Last season, the offense played well. Towards the stretch, it seemed to explode at times, particularly after Coach Fassel took over the play calling. This has created a dangerous belief that the Giants now have the Third ID, an unstoppable force that can slice through any defense. I would caution that this juggernaut of last year was fashioned by Coach Payton, who might not have been able to select the right plays, but who was instrumental in their design. He had some beliefs, tactical surprise, motion, speed that set the stage for the firepower of the Giants. He is gone. That campaign is over. My fear is that the “pounders” are back in control. EA’s philosophy appears to be quantity, masses of men, not necessarily quality. Loading up on special teams is nice, particularly in now having a punter and hopefully a snapper; but leaving a Takeo Spikes out there without even a nibble, shows a distinct lack of vision. Taking the Patriots’ approach is fine, if you have Belichick and Charlie Weiss, et al. And it is actually the approach taken first by the Giants when they picked up Parker and Brown and a HOF left footed kicker.

Allowing three of your blocking unit to walk is questionable. True, none were Pro Bowlers. But they worked well as a unit, and they kept Kerry Collins from getting his britches soiled. Losing one would not be an eyebrow raiser, but losing three is certainly questionable. Then back filling with more question marks is, well more questionable. Philosophically, this appears to be hopeful planning, precatory behavior, expressing a sense of confidence without any real clout. It could be really interesting. Bottom fishing is like roulette; sometimes the ball lands on the right number; mostly, you just fork over the money. The real bright spot of the off season is the signing of Dorsey Levens, a proven, productive back, who will make the departure of Ron Dayne easier to digest, and allow a nice 4th or 5th round RB pickup.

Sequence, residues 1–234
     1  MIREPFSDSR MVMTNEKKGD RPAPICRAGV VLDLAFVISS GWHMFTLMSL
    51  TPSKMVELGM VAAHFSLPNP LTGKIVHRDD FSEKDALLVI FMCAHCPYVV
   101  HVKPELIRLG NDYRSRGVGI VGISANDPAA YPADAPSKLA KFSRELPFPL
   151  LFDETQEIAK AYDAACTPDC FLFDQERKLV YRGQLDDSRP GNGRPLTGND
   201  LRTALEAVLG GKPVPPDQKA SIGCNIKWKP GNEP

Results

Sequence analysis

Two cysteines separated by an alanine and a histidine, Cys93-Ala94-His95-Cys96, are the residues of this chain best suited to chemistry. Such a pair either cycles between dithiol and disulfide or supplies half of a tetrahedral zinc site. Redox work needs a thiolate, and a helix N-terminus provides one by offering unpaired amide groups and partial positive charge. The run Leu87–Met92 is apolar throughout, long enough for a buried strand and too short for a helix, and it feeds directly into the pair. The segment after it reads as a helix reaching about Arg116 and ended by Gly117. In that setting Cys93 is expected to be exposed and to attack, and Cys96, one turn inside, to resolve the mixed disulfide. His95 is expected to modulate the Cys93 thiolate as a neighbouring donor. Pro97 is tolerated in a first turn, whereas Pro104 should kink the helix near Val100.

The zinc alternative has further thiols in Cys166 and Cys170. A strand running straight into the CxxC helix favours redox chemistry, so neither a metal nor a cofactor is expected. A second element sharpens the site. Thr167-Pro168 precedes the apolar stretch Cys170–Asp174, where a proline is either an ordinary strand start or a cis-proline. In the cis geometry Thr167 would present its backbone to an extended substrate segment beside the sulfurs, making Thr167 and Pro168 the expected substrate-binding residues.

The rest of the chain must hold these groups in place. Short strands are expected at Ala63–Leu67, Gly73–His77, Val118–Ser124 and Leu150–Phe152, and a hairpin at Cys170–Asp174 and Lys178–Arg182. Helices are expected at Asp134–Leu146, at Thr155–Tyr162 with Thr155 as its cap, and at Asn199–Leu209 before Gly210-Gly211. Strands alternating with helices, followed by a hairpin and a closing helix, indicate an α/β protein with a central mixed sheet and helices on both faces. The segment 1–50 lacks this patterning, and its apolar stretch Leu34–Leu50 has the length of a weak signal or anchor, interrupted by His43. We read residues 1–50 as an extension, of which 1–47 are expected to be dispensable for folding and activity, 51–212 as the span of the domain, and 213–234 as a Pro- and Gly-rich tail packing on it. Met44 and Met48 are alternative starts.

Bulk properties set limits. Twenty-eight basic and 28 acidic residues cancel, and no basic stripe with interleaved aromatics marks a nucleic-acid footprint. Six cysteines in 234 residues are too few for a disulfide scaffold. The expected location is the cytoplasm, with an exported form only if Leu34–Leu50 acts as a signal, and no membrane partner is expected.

Of more significance was the collapse of the defensive unit on too many occasions last year. Everyone is now focused on defensive tackles. Moreso, the focus should be on linebackers and cornerbacks. I don’t think the Giants have a prayer of signing Will Allen when his contract comes up. The jewelry is just too damn expensive these days and someone with a pocket full of money will outbid the Giants. EA will get his Italian up and let Will walk. So I look for a CB up high. There will be a defensive tackle taken early, but which one and where are not decided. The other teams have a vote.

So, I’m not thrilled at the off-season work, although it hasn’t been bad, particularly with the signing of Levens. I like the focus on defense, but I don’t like looking at the line and the corners, while overlooking the backers. I also think the Giants need significant help along the O-Line, and I don’t see Hatch as ready yet, if he ever will be.